Ambassador Brummell, Greg, ladies and gentlemen, it gives me great pleasure to share this time with you at Fondul Proprietatea Investor Days, my third opportunity to be with you. I think two years ago I had some prepared remarks, last year I took a more informal approach to my opportunity to speak to potential investors, but if you bear with me, this year again I chose to prepare some remarks so please allow me to go through them.
This year, the United States and Romania celebrate the 20th anniversary of our Strategic Partnership. One of the goals under the Strategic Partnership is to promote the prosperity of both Romania and the United States through increased trade in goods and services, as well as increased investment between our two countries. This economic component of our partnership is an important part of our overall relationship and we are eager to see it grow, as is the Romanian leadership. I can’t tell you how often and how regularly when I have an opportunity to engage with the Romanian political leadership, how quickly the issue of our economic dimension comes up and the Romanian express desire that the American presence in Romania yet further strengthen.
Over the past 20 years Romania has been an attractive base for the U.S. and other foreign investors interested in accessing the European market. The United States is proud of the robust presence of U.S. investment in Romania. Many American companies have made significant investments here because they see a bright future here. They are employing Romanians with high paying jobs while raising the professional level of the country in a meaningful way.
As part of the U.S. commitment to deepen our economic ties, we are bringing Trade Winds, the largest U.S. government-led trade mission ever to Romania on October 18th to 20th. According to official U.S. statistics, U.S. exports to Romania are up 37% in the first half of this year, while Romanian exports to the U.S. have grown to some 10 percent. While Trade Winds will be focused on trade, rather than investment, commercial partnerships, along with a business friendly environment, could result in increasing U.S. investment in Romania over time and I expect indeed that will be the case.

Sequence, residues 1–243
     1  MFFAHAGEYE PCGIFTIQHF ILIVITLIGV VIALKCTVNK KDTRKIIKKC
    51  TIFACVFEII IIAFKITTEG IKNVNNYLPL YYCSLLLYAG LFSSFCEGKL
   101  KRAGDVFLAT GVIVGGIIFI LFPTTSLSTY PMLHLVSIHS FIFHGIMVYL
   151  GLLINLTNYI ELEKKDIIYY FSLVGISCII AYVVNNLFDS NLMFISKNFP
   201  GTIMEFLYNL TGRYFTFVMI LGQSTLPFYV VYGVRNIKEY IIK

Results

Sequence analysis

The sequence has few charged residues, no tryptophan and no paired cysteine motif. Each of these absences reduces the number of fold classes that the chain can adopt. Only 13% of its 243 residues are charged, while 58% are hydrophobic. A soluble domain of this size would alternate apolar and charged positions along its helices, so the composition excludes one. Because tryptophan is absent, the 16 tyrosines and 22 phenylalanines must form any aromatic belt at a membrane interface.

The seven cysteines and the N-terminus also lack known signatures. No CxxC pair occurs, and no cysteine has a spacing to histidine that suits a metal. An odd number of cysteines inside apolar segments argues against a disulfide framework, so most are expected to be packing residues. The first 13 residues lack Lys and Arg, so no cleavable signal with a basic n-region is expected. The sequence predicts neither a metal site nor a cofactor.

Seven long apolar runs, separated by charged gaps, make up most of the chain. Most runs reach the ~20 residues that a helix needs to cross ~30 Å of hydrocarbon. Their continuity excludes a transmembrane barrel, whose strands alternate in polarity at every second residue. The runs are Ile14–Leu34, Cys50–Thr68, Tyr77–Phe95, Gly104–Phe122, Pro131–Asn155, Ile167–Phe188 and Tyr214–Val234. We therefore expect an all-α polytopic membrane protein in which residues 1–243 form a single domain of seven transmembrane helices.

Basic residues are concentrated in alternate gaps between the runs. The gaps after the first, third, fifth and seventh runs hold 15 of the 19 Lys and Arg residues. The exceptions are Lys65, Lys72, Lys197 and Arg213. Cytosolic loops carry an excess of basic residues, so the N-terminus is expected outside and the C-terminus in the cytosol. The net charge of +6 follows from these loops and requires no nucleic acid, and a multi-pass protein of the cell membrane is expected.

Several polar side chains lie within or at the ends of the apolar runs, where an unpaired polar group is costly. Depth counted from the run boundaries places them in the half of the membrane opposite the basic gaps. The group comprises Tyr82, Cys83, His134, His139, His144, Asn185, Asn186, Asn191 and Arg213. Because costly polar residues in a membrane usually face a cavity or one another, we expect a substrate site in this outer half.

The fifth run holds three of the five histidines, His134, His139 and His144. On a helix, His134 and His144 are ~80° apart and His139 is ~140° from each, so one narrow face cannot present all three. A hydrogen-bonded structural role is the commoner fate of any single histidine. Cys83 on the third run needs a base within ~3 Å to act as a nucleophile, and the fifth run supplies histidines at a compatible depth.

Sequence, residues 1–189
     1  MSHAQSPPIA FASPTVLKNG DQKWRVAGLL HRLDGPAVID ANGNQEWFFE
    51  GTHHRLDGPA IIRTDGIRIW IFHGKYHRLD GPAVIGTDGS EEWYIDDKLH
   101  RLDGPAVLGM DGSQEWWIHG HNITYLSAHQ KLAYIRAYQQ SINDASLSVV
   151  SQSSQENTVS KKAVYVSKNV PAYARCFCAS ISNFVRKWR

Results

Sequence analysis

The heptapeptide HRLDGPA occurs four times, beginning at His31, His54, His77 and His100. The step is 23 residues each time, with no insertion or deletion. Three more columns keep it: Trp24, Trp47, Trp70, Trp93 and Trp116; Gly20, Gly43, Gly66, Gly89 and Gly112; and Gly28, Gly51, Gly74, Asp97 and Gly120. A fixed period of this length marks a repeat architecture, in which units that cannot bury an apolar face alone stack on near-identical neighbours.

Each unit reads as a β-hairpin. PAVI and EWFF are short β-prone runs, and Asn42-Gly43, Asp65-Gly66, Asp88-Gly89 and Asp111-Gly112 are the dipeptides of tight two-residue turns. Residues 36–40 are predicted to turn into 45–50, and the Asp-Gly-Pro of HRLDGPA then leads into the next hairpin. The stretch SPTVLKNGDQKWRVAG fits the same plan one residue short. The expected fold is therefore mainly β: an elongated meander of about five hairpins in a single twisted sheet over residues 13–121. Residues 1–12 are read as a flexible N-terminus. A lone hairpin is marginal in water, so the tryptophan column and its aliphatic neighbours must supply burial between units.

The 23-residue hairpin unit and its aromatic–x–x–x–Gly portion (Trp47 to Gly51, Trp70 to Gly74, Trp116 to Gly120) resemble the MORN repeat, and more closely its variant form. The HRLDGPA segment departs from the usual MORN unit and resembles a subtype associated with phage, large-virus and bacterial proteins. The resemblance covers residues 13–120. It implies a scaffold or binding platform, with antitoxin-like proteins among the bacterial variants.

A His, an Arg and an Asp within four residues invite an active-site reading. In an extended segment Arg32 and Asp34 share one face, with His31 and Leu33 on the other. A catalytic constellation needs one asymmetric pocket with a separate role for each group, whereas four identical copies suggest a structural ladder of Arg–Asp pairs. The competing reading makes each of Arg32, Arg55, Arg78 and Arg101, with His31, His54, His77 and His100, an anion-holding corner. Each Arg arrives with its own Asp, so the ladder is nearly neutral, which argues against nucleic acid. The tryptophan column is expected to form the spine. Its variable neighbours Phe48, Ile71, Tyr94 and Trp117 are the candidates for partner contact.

Relatively low taxation and pockets of well-educated, tech-savvy workers remain draws for investors. The connection between our economies is already strong, but as Romania continues to improve its investment climate, much more U.S. investment is possible. However, our bilateral economic partnership requires policy commitments on both sides. Transparency, stability, and predictability are key elements of an attractive investment climate. Good governance and rule of law provide the foundation for these key principles and are important criteria when investors consider whether to establish new or expand existing investments in Romania.
It is important that the investors who are already here, and others who are considering investment opportunities in Romania, know that they are welcome and can operate in Romania in a predictable legal system that respects contracts and the rule of law. A stable tax regime, adopted in consultation with all stakeholders and after conducting regulatory impact assessments, provides another fundamental building block, needed to support an attractive business climate.